American Flag – Historic Photographs

Mar 23rd, 2016

The American flag has been a symbol of the United States strength and unity, and the source of inspiration and pride of its citizens, for over 200 years.


Historically, it is said that Francis Hopkinson, a New Jersey congressman, designed the flag and that in 1776 Betsy Ross, a seamstress from Philadelphia, was the first person to sew the flag according to Hopkinson’s design. Most historians do not believe this version because there is no credible evidence to back it up.


13 Star Flag


Regardless of how the flag first came into actual being, the United States Congress authorized the creation of the American flag in June of 1777. That authorization set out how it was to be designed. The only variation in the original design has been the addition of stars as new states were admitted.


Since its birth, the American flag has played a part in some great historical moments.


1814 - Battle at Fort McHenry

Fort McHenry


British warships attacked Fort McHenry, located in Baltimore, Maryland, in September 1814. The fort was successfully defended and is the battle that inspired Francis Scott Key to write the national anthem. After the battle, Key woke to see that the American flag was intact and still waving proudly. He immediately sat down and wrote the lyrics to the national anthem. The resulting song was so well liked that it is still sung today.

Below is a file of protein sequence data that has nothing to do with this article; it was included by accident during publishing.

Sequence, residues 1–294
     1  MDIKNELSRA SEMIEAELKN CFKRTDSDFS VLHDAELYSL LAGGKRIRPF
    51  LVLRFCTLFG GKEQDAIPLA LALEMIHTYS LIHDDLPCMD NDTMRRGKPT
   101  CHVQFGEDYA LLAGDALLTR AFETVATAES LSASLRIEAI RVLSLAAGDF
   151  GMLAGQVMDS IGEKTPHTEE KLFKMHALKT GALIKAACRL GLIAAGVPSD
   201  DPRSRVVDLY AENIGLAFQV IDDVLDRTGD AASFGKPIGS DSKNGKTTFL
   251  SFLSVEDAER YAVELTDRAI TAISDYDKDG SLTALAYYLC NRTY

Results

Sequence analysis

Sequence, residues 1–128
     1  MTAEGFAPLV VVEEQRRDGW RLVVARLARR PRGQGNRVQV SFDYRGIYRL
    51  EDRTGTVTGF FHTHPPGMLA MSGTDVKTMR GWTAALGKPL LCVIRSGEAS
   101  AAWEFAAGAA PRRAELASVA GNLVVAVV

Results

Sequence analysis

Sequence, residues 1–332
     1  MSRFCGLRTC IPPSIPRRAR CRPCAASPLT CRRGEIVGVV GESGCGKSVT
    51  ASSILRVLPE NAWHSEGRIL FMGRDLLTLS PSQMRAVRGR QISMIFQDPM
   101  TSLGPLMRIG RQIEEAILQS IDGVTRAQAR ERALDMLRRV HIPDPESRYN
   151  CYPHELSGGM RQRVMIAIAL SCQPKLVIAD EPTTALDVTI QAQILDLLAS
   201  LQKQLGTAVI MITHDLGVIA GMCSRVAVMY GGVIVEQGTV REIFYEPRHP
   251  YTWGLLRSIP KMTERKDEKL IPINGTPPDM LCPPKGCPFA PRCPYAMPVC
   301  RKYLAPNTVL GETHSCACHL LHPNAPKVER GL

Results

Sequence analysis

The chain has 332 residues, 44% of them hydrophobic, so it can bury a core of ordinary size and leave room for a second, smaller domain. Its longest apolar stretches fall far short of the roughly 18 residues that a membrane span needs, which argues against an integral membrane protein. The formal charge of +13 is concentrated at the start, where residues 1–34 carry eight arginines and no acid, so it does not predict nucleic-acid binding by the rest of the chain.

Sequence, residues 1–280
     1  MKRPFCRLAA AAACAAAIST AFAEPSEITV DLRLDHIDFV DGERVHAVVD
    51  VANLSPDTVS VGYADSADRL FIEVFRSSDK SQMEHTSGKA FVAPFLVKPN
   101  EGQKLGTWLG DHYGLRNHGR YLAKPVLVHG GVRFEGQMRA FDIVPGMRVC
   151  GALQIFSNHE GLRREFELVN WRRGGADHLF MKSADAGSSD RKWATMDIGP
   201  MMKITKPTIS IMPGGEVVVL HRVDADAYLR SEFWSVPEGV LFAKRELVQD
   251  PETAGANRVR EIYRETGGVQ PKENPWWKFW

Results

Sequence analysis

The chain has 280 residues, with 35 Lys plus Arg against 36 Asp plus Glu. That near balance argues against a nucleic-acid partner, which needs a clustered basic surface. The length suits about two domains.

The photo above is a a picture of the actual flag that was flown over Fort McHenry. It was given to the Smithsonian Institute in 1912 by the Armistead family. It has been on display at the National Museum of American History since 1964.


1898 – Battle of San Juan Hill


Rough Riders


During the Spanish-American War, Colonel Theodore Roosevelt (later President of the United States) led his regiment, dubbed the “Rough Riders”, to victory at San Juan Hill in Cuba. Many consider that battle to be the bloodiest that occurred during the war. After the victory, Roosevelt and his regiment raised the U.S. flag and posed for the photograph that became famous.


1945 – American Flag Raised at Iwo Jima


Iwo Jima First Flag               Iwo Jima Second Flag

       First Flag                                Second Flag

The battle of Iwo Jima, an island off the coast of Japan, was one of the fiercest battles that occurred during World War II. Through the efforts of the Marines, the American flag was raised by corpsmen on Mount Suribachi during the battle without being attacked by Japanese forces. The first flag that was placed was too small to be seen from the islands that surrounded the mountain so corpsmen were ordered to replace it with a larger flag. The second photo was used to create a sculpture that was placed at the Marine Corps War Memorial at Arlington National Cemetery, Washington, D.C.


1969 – United States Flag Placed on the Moon


Flag on Moon


The United States as the first country to travel to, and the first to a place a country flag, on the moon. The momentous occasion occurred as a result of the Apollo 11 mission. Neil Alden Armstrong was the first man to set foot on the moon. He stood the American flag on the surface and stated “That's one small step for man, one giant leap for mankind." The flag was then permanently planted by Armstrong and his fellow astronaut, Buzz Aldrin.


2001 Ground Zero – 9-11-01


Ground Zero


On September 1, 2001, terrorists attacked the Twin Towers at the World Trade Center in New York City resulting in over 2,000 deaths. As an act of defiance, three New York City Fire Department firemen placed the U.S. flag at the site of the destruction, or Ground Zero as it was dubbed. The famous photograph of the event was taken by Thomas E. Franklin.


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